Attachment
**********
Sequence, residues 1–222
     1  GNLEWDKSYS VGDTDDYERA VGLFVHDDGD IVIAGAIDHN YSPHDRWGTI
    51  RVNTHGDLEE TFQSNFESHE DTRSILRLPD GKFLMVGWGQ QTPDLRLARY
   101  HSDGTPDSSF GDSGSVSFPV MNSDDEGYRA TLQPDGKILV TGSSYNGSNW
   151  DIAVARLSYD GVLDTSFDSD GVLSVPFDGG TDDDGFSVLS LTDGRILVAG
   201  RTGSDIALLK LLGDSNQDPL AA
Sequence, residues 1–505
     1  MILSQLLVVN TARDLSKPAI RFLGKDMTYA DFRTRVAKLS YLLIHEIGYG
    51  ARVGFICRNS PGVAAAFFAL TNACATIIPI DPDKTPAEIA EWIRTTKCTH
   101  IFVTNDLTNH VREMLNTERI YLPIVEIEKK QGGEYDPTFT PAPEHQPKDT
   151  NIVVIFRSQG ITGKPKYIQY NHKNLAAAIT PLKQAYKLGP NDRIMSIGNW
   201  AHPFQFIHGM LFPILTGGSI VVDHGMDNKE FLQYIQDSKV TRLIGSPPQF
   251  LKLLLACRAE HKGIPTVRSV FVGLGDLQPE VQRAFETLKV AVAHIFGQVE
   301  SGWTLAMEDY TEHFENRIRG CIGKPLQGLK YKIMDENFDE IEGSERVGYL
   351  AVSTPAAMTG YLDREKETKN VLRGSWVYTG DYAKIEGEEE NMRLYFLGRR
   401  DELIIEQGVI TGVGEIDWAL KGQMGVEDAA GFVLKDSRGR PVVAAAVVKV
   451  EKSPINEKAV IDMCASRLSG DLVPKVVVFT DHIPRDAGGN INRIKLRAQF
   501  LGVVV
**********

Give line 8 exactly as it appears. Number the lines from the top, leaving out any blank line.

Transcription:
     1  MILSQLLVVN TARDLSKPAI RFLGKDMTYA DFRTRVAKLS YLLIHEIGYG